Seed Saving 101

As the vegetable crops slowly come to the end of their life cycle, the next obvious and very important step is seed saving. It’s very important for any farmer to learn to save his/her own seeds for the next succession crop. I never thought I would be one to take the trouble to save seed and all. I always thought I could buy my seeds from my reliable sources like I have done earlier.

I mean why should every gardener save seeds right? Why, when we can easily procure it from various sources. Why waste our time and effort saving seeds?

Here’s what changed that perception for me. During the course of my farm journey I observed something interesting. This observation completely changed my perspective on the need to save seeds and I hope it will change yours too.

Here’s why you might want to save your own seeds:

We had planted various seeds during the sowing season (July) and we also sowed some lady’s finger. We had grown lady’s finger in bags even before we got our raised garden beds ready. And therefore, we had some seeds saved from that crop. But once we started sowing seeds on our raised beds we completely forgot about these seeds and used only the ones we had bought from an organic expo.

Though the lady’s finger plant was growing okay, it didn’t seem to be coming up at the rate it should be and we never thought much of it at that time. Then a month or so later we realized we had some seeds saved from our own lady’s finger crop and decided to use them to start another separate batch.

Now, what do we see? These latter ones grew leaps and bounds and started fruiting gloriously while the other previously planted one was just barely producing a few here and there.

So, Moral of the story:

The seeds you harvest from the plants that had grown on your own piece of land are definitely much better as the plant had gotten accustomed to your place, soil and water conditions. It will definitely yield better because it has adapted itself to the climatic conditions and also developed better pest resistance.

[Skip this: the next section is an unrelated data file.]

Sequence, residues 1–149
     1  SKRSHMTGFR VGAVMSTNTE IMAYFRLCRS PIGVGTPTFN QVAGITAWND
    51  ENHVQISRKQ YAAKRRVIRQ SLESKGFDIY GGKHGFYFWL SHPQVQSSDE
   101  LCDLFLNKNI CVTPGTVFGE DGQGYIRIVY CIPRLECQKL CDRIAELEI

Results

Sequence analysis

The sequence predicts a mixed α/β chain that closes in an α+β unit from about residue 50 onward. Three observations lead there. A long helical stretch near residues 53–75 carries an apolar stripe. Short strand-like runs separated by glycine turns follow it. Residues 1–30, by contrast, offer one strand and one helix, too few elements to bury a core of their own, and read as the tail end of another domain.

So, it goes without saying that seed saving is the most sensible and valuable asset for any gardener. Because now you have the seed of a plant that has already lived on your soil and knows the place better. With more familiarity, isn’t it going to be easy for this guy to survive and adapt better than some foreign seed which was collected from a plant that grew somewhere else?

Leaving you to ponder over this little food for thought…

Do we follow the same process of harvesting seeds for all vegetables?

Well, No! There are different ways of harvesting seeds for different vegetables. I have harvested almost 45 varieties of vegetables in the past 6 months; tomatoes, brinjals, lady’s finger, gourds, pumpkins, beans, cucumbers, radishes, beetroots,  various greens and many more. And I have also tried my hand at saving most of the seeds from my produce, except for the root vegetables.

Seed saving is very different for different vegetables. It’s different for watery, fleshy vegetables compared to vegetables with seed pods. I will share a few of them here…

Seed saving process is quite different for different types of vegetables. Lets go one by one.

Seed saving in podded vegetables:

In case of lady’s finger, beans and podded vegetables, it has to be left to dry on the plant itself till they start cracking open.

Author’s own
Author’s own

 

Step-by-step instruction for saving seeds from fleshy vegetables:

When it comes to cucumbers, tomatoes and fleshy vegetables, we have to use the wet method of seed removal. I know it might seem like a daunting process if you are a first time seed saver but believe me it will become second nature and you will be doing it without giving it a second thought very soon.

  1. Remove the seeds and collect them in a bowl of lukewarm water.
  2. Allow them to ferment for about three days. This helps in removing the gel coating surrounding the seeds.